What goes up must come down, especially, in this case, when people feel safe enough to go out. New survey data from Brick Meets Click/Mercatus shows that U.S. grocery delivery and pickup sales for August dropped to $5.7 billion, down from June’s record high of $7.2 billion.
This pullback in online grocery isn’t a huge surprise. Between March and June of this year, online grocery shopping had seen one record month after another, but that growth was artificially inflated, fueled by the pandemic.
According to Brick Meets Click, the fall in online grocery dollars correlates with increased ease about COVID-19, with 38 percent of U.S. households expressing high levels of concern about the virus in August versus the high of 47 percent in April.
“There is a common belief that the rapid and dramatic surge in sales caused by COVID-19, starting in mid-March, would recede at some point as stay-at-home orders and in-store shopping restrictions like occupancy limits, shortened hours and one-way aisles were relaxed,” David Bishop, a partner at Brick Meets Click, said in a press release announcing the August results. “While the August results reflect a retrenchment of sorts, the market appears positioned to begin a new growth cycle with a large base of committed shoppers.”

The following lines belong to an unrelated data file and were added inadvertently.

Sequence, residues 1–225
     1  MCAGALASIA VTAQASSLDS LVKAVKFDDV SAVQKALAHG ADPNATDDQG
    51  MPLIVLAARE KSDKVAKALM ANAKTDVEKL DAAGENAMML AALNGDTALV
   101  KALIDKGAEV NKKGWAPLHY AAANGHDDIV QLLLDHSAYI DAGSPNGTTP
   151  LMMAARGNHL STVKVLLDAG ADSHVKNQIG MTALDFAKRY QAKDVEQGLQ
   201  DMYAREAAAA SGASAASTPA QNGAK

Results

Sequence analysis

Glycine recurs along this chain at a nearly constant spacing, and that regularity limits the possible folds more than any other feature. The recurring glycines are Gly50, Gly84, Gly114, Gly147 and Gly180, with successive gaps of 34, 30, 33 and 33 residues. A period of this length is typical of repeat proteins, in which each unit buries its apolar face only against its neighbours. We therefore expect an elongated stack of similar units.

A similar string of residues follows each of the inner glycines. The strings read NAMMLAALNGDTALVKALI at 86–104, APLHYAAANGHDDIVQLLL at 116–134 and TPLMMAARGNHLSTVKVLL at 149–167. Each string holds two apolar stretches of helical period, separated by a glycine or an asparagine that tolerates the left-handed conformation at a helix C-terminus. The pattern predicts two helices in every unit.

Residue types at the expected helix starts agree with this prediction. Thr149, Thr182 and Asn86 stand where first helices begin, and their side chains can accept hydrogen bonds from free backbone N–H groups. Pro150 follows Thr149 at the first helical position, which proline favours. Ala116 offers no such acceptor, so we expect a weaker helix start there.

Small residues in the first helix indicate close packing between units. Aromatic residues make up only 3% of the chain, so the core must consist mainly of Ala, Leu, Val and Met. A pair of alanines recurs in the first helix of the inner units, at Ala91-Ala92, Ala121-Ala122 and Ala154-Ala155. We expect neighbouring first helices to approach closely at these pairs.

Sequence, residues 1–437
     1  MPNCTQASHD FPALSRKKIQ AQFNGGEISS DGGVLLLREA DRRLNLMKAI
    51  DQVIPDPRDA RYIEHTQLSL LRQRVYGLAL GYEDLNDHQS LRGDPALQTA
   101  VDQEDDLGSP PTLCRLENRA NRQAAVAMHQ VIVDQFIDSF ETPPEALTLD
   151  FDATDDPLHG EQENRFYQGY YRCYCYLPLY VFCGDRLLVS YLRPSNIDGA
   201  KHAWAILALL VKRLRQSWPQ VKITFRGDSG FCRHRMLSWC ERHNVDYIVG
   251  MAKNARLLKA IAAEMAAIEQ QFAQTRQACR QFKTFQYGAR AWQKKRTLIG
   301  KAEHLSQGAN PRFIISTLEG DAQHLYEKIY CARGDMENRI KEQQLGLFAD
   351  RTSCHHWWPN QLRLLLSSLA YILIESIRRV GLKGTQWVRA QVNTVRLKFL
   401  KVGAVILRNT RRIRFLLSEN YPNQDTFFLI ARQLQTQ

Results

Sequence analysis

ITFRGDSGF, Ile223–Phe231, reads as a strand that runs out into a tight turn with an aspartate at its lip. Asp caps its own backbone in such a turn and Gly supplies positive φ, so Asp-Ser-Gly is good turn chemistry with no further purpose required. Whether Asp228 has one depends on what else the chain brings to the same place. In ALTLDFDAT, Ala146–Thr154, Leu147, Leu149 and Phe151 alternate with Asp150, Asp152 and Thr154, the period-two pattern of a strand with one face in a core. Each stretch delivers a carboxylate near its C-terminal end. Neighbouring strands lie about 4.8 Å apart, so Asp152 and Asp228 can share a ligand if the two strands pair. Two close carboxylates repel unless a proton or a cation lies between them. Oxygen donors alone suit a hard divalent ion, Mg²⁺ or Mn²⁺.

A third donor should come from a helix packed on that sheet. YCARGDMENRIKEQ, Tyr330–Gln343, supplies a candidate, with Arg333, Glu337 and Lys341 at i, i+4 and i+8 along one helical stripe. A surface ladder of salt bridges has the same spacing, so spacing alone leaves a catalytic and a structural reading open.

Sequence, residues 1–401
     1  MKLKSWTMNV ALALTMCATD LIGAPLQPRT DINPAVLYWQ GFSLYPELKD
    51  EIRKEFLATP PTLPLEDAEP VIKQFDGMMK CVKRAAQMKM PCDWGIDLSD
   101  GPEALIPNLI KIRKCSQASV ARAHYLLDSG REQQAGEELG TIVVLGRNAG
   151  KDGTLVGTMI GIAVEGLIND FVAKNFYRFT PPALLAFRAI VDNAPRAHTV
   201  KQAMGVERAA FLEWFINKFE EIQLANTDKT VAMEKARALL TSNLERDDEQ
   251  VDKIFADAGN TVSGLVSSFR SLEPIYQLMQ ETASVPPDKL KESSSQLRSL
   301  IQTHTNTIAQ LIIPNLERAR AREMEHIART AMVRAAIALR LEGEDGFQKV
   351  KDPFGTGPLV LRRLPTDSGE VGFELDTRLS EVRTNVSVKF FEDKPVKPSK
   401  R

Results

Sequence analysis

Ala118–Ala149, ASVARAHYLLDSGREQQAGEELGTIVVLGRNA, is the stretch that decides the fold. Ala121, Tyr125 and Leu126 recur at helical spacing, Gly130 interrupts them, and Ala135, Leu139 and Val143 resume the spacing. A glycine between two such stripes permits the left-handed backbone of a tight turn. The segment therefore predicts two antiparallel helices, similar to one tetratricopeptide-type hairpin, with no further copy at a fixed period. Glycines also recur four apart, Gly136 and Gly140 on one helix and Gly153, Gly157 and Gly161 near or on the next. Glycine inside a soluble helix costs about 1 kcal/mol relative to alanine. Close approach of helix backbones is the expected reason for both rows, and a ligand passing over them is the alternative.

This larger base is actually good news for those investing in online grocery services. Brick Meets Click said that roughly 37.5 million, or 29 percent of all U.S. households, are monthly active users of grocery delivery and pickup. That’s an increase of 133 percent over August of 2019, when that number was just 16.1 million.
August wasn’t without its own record setting, however. Brick Meets Click found that spending per order hit a record $95 in August, up 32 over a year ago. Active shoppers placed 1.6 orders per month versus 1.0 orders during the same time last year.
Additionally, more people are developing new online grocery shopping habits. According to the survey, 75 percent of customers said they are “extremely or very likely” to online grocery shop through their retailer again within the next 30 days. This desire to continue shopping online, said Brick Meets Click, was likely because of improved online shopping experiences.
Considering that people have been living under pandemic conditions for half a year (!) now, new habits have definitely set in. One thing to look for is the change in the weather. Now that people have experienced online grocery shopping, will they return to it when the weather outside is frightful (and delivery and pickup can be so delightful)?